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Effects of Atomoxetine With and Without Behavior Therapy on the School and Home Functioning of Children With Attention-Deficit/Hyperactivity Disorder

J Clin Psychiatry 2010;71(11):1535-1551
10.4088/JCP.09m05496pur

Objective: To evaluate the effects of atomoxetine alone and in combination with behavior therapy on the school functioning of children with attention-deficit/hyperactivity disorder (ADHD). Most atomoxetine studies have not assessed school functioning other than by measuring the change in ADHD symptoms. Combining behavior therapy with atomoxetine may be particularly beneficial for the academic domain as medication has not been found to produce sustained benefits in this realm. However, there is little research examining the effects of combining atomoxetine and behavior therapy.

Method: In an 8-week open-label trial, 56 children aged 6–12 years with ADHD diagnosed according to DSM-IV-TR were randomly assigned to receive atomoxetine and behavior therapy or atomoxetine alone. Behavior therapy consisted of an 8-week parenting course, a child social skills course, and a teacher-implemented daily report card of classroom behavior. The primary outcome was direct observation of the subject’s classroom behavior. Secondary outcomes included change in ADHD symptoms and functioning at home and school. All data were collected between March 2007 and May 2008.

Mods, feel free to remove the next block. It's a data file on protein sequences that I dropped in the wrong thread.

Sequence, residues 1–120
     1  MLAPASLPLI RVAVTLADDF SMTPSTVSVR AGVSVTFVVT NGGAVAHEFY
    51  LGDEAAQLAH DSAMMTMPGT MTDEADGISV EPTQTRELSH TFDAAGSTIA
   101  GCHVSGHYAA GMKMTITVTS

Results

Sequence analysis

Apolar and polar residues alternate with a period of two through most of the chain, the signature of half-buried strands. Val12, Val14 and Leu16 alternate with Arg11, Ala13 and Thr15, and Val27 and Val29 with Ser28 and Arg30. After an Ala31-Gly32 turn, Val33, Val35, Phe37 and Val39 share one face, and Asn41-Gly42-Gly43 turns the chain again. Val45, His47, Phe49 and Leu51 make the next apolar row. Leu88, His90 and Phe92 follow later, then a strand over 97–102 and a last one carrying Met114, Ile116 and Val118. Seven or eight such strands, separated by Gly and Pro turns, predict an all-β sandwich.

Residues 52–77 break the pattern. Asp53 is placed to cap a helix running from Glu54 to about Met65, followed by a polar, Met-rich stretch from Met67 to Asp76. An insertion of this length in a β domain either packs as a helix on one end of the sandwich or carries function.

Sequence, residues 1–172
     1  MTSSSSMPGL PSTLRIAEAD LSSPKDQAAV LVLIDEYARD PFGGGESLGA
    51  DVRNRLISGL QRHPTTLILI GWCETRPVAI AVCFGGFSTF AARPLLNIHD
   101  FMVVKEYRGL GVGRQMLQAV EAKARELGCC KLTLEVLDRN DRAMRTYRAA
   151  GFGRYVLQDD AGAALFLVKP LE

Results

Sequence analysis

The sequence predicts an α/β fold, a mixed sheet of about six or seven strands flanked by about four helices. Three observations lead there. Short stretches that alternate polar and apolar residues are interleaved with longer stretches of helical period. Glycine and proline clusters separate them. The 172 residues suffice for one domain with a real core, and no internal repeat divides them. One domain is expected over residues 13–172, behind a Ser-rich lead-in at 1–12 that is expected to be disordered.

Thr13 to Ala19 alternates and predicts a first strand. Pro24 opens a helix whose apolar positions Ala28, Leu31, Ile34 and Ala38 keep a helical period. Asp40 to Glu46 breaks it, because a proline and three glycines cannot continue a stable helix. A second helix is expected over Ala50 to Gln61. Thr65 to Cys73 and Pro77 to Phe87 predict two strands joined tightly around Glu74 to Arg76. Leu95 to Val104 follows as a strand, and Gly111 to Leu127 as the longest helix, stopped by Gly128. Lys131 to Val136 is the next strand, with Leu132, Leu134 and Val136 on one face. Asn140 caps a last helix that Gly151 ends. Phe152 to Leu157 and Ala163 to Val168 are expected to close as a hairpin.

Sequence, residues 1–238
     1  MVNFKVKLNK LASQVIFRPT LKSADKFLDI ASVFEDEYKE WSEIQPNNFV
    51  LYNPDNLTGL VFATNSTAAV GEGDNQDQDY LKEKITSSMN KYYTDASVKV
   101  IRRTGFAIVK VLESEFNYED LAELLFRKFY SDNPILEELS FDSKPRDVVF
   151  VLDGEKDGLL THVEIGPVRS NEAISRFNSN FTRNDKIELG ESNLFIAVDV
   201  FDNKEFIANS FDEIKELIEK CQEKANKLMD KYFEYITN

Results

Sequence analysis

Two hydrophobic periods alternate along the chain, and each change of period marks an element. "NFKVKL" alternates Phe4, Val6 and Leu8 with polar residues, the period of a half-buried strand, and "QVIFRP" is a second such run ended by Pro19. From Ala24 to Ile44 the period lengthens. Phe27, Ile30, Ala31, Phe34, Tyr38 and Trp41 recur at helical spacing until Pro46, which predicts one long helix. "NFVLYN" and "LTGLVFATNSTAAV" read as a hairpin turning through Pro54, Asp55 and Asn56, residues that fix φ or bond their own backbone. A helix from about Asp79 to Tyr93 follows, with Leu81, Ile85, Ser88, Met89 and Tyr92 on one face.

Results: Classroom observations showed that atomoxetine decreased rule violations (P < .0001). Moreover, atomoxetine was associated with significant improvements in ADHD and oppositional defiant disorder symptoms at home and school and enhanced functioning in both domains (Impairment Rating Scale: all P < .001). Combined treatment led to greater improvements in parent-rated symptoms of inattention (P < .01), problem behaviors (P < .001), and academic impairment (P < .05). However, teachers did not report significant group differences.

Conclusions: Atomoxetine improved ADHD symptoms and classroom functioning as measured by parents, teachers, and direct observation. The addition of behavior therapy led to further improvements at home but not at school.

Trial Registration: clinicaltrials.gov Identifier: NCT00918567

J Clin Psychiatry

Submitted: June 16, 2009; accepted November 2, 2009.

Online ahead of print: June 29, 2010 (doi:10.4088/JCP.09m05496pur).

Corresponding author: James G. Waxmonsky, MD, Center for Children and Families, 106 Diefendorf Hall, 3435 Main St, Bldg 20, Buffalo, NY 14214 (jgw@buffalo.edu).